Stanley Fish - Think Again: Politics and the Pulpit (Once Again)

Stanley Fish - Think Again: Politics and the Pulpit (Once Again)
By Stanley Fish
Published: October 5, 2008
Sermons and candidates, church and state: a half-century old amendment is now being challenged.

BOTTOM LINE: If religion is a private matter then religion and state could remain in seperate realms. If religion is a private AND a pubilc matter then should there be a seperation of church and state? If the Christian message is political and calls us to change the way we live, then shouldn't Christians be able to preach for different actions (that is preach politics). And if the state is not concerend with spiritual matters, then does the state have a right to "look in on" the messages of the church? Should separation "mean hands off the church by the state and hands on the state by the church"?

Here is an excerpt from the article which made me think.

"[John] Locke declares that the civil magistrate has no warrant to meddle in the affairs of the church, and churches, on their part, have no warrant to meddle in the affairs of state. The church, says Locke, tends to men’s souls; the state to men’s worldly needs. (He also says that in the event of a clash between them, the state’s interests must prevail; but that’s another essay.)

But the logic and force of Locke’s arguments depend upon his conceiving of religion as a private matter, as a relationship between one’s soul and one’s God, and therefore as a practice exercised in the church or synagogue or mosque rather than in the arena of political action. If, however, your religious beliefs take a more robust form than Locke’s and require that you labor to bring the world into conformity with God’s word and will, the Johnson amendment, or any other limitation on the free exercise of what you take to be your religious duty, will be seen as an unconstitutional interference by the state in the proper business of the church.

That’s how Erik Stanley, legal counsel and head of the Pulpit Initiative for the Alliance Defense Fund, sees it. In his reply to Lynn he insists that any law “that requires government agents to parse the words of a pastor’s sermon” in order to “determine when a pastor’s speech becomes too ‘political’” constitutes an “excessive …government entanglement with religion” and is on its face a violation of the separation of church and state. In other words, it is a violation of the separation of church and state for the state to inquire into whether a pastor is violating the separation of church and state.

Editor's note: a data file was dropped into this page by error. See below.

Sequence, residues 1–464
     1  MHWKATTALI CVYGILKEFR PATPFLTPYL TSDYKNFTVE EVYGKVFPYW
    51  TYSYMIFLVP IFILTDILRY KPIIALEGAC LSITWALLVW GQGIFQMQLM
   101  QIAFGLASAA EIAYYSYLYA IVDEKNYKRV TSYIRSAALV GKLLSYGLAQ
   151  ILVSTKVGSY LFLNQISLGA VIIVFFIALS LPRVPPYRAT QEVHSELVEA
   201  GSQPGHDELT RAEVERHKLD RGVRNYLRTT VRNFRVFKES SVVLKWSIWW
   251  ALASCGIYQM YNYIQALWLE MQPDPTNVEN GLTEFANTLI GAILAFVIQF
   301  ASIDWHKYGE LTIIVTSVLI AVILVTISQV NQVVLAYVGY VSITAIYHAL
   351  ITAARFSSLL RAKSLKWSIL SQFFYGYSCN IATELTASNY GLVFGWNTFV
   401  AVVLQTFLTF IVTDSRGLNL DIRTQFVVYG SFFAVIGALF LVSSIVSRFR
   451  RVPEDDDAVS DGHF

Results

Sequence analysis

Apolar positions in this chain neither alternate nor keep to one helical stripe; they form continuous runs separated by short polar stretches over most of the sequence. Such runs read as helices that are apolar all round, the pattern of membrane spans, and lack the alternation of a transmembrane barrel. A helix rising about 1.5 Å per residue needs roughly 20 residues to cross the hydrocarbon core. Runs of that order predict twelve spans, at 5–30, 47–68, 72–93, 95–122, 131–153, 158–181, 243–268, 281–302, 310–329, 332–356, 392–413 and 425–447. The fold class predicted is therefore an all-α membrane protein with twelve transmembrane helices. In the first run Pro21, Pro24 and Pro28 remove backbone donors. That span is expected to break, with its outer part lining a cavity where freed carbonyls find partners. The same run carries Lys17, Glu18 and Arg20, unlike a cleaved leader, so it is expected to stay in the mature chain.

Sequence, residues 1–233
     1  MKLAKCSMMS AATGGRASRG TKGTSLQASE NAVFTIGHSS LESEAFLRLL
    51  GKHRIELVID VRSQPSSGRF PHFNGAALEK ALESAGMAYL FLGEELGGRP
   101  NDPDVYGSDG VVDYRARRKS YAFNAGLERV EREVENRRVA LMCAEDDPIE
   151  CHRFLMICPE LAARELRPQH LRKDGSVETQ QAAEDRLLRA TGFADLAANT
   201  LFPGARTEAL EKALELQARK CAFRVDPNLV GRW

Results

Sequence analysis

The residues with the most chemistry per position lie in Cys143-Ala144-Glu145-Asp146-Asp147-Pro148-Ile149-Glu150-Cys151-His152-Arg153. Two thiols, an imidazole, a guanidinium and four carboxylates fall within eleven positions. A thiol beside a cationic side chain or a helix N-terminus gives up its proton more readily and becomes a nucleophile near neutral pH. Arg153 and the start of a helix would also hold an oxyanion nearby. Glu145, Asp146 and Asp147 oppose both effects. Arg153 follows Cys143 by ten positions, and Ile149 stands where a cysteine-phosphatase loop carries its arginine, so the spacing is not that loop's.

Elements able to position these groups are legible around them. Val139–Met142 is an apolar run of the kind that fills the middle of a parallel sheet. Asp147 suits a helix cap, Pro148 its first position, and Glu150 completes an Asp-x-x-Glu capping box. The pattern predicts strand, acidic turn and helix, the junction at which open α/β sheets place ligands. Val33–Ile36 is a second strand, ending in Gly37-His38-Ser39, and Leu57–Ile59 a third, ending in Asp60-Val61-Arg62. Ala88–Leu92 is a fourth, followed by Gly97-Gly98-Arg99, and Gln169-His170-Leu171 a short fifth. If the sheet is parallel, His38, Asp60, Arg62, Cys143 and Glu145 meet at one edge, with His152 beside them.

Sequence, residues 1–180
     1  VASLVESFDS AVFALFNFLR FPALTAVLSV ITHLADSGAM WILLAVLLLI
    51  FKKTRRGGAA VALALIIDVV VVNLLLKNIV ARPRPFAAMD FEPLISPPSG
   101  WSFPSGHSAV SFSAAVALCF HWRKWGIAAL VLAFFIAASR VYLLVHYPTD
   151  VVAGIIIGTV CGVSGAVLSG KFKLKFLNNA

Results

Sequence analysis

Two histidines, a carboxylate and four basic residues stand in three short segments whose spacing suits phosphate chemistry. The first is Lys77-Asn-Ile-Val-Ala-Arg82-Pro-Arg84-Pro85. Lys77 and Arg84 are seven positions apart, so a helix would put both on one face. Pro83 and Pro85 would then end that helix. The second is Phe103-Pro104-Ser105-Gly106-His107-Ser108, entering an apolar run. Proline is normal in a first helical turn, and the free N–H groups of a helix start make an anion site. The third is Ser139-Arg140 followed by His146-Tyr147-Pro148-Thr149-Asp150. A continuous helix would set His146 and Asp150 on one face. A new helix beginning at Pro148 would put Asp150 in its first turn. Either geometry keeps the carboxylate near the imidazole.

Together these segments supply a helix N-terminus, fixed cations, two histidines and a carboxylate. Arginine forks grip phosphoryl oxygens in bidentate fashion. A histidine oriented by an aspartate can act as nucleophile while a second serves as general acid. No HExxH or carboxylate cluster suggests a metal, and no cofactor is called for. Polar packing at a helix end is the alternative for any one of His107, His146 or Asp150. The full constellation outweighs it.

Pastors are in the business of preaching; their lectern is a pulpit; and they are expected to exhort their parishioners to act in accordance with religious truths, not simply in the privacy of the home and church, but in the world. If in the judgment of a pastor the imperatives she urges on her flock are likely either to be weakened or made stronger by the election of a particular candidate, is she not obliged to declare herself on what is only superficially a political issue but is really a religious issue? Wouldn’t she be derelict in her duty if she declined to do so on the reasoning (which she would reject) that religious doctrine has no implications for what one does in the public sphere?

This is not so odd an argument as it might first seem; for everything depends on just how religious activity is defined. If you assume, as Lynn does, a Lockean definition (religious belief is essentially private), separation means hands off in both directions. But if you assume, as Stanley does, a definition that demands corrective action when you see the world departing from godly principles, separation means hands off the church by the state and hands on the state by the church."